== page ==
Let not your hearts be troubled: a sonnet revisited

I recently had a request from some one, bereaved in this Coronavirus crisis, who had read this sonnet in my book Parable and Paradox  and wanted permission for her grandson to read it at his grandfather’s online funeral. Of course I granted that permission immediately and freely, and it prompted me to repost the sonnet here, in case their might be others to whom it might bring comfort or for whom it might express what they needed to say. If you, or someone you know would like to use this sonnet, either the text or the recording or both for an online general or memorial please feel free to do so, it was written for just such an occasion.

The sonnet itself is a reflection on John 14:1-3.

 Let not your heart be troubled: ye believe in God, believe also in me. In my Father’s house are many mansions: if it were not so, I would have told you. I go to prepare a place for you. And if I go and prepare a place for you, I will come again, and receive you unto myself; that where I am, there ye may be also.

This saying was not uttered on some sunny morning when all is going well, but on the night Jesus was betrayed, the night before he died, and in that poignant scene he shared their pain, and shares with all us the sheer tragedy of our mortality. But even as he prepared them for the sorrow of parting  he also instilled in them the hope of resurrection, the hope of Heaven and homecoming which they could not yet see.

This passage in John is very often chosen, and rightly so, as a reading at funerals, because it expresses both empathy and hope, and when I came to compose this sonnet I was gathering together the thoughts and prayers of the many funerals I have taken and hoping to write something that might be helpful, in opening these verses for people who choose to have them read at a funeral.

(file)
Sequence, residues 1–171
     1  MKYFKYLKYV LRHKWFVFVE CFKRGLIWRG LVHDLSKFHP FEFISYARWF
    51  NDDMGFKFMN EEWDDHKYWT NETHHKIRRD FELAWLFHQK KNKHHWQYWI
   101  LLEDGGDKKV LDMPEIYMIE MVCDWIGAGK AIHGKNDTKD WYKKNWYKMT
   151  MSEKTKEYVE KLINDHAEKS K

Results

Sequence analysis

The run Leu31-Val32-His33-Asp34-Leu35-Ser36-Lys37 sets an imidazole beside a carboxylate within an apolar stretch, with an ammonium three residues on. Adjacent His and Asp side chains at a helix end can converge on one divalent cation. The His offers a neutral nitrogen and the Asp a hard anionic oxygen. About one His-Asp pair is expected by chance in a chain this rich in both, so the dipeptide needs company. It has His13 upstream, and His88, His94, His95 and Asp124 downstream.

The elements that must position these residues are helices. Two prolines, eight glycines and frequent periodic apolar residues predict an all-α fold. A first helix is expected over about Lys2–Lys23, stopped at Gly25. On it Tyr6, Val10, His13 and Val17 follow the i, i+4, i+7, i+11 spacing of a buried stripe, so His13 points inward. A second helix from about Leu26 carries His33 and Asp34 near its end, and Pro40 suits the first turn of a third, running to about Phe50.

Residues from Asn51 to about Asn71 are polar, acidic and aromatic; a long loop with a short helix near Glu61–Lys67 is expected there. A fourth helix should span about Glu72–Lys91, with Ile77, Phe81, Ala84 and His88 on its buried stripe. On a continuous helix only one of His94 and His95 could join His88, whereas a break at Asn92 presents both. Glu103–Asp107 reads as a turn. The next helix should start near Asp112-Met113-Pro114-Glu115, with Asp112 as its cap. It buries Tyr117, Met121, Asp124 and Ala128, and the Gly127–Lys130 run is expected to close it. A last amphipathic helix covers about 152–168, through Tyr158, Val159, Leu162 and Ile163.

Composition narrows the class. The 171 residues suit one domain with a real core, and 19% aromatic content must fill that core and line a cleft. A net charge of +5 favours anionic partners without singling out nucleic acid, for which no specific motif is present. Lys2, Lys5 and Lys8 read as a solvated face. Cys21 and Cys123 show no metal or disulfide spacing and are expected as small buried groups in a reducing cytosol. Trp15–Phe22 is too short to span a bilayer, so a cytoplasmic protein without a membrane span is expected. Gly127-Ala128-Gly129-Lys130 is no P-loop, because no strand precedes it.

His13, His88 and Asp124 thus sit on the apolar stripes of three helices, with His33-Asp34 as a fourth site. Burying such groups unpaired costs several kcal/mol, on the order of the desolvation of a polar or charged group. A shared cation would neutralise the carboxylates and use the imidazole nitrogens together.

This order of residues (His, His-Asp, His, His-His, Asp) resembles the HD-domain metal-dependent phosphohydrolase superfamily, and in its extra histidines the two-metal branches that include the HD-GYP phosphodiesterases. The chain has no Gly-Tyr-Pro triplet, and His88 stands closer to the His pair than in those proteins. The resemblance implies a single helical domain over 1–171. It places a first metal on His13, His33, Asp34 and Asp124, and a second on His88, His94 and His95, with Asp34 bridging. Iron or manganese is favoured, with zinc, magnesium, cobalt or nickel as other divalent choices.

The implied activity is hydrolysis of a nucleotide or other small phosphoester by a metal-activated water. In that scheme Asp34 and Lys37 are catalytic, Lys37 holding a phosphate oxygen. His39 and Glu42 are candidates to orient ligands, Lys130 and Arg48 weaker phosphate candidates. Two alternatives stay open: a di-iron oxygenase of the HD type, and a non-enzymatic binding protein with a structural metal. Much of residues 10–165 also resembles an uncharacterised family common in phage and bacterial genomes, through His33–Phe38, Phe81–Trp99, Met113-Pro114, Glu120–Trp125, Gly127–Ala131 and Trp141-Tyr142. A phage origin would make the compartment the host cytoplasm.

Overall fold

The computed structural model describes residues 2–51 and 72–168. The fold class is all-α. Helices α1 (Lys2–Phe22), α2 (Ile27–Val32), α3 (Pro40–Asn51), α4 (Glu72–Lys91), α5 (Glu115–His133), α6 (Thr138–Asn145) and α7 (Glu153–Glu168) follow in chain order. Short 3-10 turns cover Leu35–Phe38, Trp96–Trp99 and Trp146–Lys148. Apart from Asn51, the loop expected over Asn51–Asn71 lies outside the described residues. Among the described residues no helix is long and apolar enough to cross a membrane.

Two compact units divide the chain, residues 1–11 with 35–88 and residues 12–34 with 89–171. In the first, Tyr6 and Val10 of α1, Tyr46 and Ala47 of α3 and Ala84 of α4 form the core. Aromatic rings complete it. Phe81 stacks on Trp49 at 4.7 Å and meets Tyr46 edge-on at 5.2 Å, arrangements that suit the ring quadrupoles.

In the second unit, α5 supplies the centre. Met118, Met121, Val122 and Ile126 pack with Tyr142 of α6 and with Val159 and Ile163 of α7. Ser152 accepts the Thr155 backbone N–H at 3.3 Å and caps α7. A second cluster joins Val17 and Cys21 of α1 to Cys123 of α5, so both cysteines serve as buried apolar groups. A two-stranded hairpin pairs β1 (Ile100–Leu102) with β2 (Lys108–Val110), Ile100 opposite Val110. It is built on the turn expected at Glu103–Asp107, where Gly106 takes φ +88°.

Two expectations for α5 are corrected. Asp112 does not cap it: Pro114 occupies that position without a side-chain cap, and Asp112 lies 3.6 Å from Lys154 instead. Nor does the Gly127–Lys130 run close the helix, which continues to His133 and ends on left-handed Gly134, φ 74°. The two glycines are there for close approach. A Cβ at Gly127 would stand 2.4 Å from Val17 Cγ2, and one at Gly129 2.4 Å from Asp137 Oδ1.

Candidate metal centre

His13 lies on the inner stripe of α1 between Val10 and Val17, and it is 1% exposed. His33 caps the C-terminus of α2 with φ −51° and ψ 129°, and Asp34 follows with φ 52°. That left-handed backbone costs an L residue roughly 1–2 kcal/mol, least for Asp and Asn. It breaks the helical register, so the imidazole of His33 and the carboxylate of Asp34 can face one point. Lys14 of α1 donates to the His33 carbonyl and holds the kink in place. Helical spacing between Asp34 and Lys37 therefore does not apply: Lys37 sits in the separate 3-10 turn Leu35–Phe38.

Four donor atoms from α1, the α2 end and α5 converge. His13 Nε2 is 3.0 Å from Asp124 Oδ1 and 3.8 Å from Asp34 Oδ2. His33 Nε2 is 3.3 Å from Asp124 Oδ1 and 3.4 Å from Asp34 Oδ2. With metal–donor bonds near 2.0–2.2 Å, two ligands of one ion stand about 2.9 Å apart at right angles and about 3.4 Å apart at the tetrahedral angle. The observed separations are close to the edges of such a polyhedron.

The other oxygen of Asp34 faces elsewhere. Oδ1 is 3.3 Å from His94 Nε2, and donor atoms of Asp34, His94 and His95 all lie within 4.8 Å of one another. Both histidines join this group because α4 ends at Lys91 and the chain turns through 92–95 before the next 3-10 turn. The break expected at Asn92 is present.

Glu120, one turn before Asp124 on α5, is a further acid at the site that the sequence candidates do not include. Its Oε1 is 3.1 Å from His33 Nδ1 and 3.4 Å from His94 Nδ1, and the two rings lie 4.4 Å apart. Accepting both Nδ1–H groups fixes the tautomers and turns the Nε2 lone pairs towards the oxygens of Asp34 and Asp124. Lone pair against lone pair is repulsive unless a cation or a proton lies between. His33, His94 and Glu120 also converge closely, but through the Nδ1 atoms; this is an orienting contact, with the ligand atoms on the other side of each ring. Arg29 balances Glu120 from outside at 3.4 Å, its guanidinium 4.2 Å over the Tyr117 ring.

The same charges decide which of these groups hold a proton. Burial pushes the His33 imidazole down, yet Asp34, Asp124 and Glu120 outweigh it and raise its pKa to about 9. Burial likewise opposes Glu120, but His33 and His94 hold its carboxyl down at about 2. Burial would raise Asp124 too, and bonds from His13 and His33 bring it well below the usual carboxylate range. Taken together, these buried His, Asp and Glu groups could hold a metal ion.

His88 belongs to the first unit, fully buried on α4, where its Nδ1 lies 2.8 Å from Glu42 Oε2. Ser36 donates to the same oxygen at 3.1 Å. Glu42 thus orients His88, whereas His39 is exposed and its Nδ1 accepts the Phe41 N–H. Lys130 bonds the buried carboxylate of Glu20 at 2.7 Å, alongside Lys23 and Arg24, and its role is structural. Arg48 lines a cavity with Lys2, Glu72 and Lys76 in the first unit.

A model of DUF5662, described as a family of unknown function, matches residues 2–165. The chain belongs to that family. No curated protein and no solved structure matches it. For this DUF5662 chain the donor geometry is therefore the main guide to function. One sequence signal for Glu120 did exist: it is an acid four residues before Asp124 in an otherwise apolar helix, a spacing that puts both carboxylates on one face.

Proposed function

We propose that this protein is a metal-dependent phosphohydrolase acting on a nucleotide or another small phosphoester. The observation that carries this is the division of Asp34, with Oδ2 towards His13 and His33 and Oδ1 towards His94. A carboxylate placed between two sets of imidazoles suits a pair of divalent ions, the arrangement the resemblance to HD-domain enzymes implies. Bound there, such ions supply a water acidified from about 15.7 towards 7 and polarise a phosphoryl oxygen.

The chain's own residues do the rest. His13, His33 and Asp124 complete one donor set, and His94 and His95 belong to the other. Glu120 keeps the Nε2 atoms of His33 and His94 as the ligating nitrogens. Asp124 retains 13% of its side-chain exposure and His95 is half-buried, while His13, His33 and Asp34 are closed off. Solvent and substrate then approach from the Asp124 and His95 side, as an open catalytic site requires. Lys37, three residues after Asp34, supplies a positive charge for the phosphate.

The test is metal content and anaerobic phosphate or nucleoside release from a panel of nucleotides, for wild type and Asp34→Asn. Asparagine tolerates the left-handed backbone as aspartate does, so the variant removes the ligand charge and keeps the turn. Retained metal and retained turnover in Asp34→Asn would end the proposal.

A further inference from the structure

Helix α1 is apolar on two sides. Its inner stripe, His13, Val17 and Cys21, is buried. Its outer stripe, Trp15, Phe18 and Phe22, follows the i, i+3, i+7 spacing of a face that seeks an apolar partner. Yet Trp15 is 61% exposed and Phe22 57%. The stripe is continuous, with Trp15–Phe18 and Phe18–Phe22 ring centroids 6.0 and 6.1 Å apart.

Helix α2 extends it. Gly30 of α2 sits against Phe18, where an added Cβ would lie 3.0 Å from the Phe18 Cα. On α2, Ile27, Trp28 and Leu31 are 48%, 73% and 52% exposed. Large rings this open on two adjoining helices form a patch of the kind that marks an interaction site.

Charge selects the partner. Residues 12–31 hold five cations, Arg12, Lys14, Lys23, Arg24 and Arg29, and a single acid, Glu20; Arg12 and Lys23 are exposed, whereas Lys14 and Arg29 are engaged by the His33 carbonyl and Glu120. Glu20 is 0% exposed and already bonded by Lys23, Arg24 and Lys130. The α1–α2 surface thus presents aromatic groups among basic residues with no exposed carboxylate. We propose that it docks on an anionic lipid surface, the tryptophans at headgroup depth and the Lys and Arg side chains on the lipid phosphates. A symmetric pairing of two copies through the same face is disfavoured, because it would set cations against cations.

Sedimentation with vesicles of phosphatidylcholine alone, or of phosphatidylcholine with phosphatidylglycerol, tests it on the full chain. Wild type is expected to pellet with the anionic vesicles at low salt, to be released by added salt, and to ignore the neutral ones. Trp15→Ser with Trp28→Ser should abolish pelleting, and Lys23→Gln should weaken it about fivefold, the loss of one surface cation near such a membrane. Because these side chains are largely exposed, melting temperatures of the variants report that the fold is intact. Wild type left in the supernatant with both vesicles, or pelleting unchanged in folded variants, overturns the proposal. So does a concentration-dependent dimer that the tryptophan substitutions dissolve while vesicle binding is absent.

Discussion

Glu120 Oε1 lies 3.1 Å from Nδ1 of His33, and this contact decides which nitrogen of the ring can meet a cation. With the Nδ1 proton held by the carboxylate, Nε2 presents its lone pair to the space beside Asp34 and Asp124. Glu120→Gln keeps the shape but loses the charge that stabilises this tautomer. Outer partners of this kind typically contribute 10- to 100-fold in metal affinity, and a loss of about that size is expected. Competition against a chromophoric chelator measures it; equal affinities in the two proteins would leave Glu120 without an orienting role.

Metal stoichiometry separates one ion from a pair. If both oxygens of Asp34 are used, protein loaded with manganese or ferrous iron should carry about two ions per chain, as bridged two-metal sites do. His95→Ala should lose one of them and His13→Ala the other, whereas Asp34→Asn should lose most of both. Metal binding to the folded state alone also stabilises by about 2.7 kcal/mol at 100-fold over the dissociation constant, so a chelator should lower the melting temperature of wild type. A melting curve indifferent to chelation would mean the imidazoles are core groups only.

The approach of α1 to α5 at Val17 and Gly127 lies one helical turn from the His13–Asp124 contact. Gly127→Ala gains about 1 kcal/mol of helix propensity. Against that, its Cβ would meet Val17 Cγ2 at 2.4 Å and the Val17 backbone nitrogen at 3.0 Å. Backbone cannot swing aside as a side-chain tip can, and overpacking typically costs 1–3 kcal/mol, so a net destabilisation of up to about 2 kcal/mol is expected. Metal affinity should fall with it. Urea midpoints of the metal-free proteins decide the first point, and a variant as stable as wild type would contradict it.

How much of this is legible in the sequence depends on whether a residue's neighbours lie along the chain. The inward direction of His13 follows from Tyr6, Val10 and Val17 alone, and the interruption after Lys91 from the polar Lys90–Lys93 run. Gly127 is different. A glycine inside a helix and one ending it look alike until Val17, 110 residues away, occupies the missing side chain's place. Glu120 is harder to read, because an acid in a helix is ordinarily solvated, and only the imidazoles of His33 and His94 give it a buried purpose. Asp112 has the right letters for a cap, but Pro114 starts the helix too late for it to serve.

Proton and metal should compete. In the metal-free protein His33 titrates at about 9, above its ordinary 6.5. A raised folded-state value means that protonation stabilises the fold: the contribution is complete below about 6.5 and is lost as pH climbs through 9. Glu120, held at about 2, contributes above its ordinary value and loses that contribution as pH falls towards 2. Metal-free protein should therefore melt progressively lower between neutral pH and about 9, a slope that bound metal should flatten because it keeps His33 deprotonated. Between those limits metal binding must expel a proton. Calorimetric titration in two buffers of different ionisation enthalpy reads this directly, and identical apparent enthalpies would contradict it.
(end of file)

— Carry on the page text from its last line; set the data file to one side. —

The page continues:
I have also developed these ideas a little in a sermon I preached this last Sunday at Girton which you can listen to here

As always you can hear me read the sonnet by clicking on the title or the play button


Let not your hearts be troubled

 Always there comes this parting of the ways

The best is wrested from us, borne away,

No one is with us always, nothing stays,

Night swallows even the most perfect day.

Time makes a tragedy of human love,

We cleave forever to the one we choose

Only to find ‘forever’ in the grave.

We have just time enough to love and lose.

 

You know too well this trouble in our hearts

Your heart is troubled for us, feels it too,

You share with us in time that shears and parts

To draw us out of time and into you.

I go that you might come to where I am

Your word comes home to us and brings us home.

12 Comments

Filed under imagination

12 responses to “Let not your hearts be troubled: a sonnet revisited

  1. Eileen Pheiffer

    What a lovely and fitting poem to be read by that grandson in memory of his grandfather. Thank you for your generous spirit, Malcolm. Your poetry is a gift that you share freely.

  2. Quite beautiful and well stated!

  3. So beautiful, and true, Malcolm. And a great comfort in light of the tragedy that has just occurred here in Canada. (19 people killed by a lone gunman). Such pain and sadness, yet such hope. Marcia

  4. Your word comes home to us, and brings us home. ~ Malcolm Guite
    I had this picture of Jesus gathering me up in his arms, like my dad did when I was little, and just walking into my room, and gently placing me under my covers after removing my shoes…So comforting. Thank you Malcolm.

  5. Agnes Groves

    Malcolm You know only too well what this poem means to me and my family as you were so kind as to read it at Ian’s service of thanksgiving. I thank you again for the comfort to gave us.
    .

  6. Julia Thomson

    Thank you Malcolm, that grandson is my son. Really appreciate all your kindness

  7. lovely, I will put it on our Church Facebook page. I will pm you the link.

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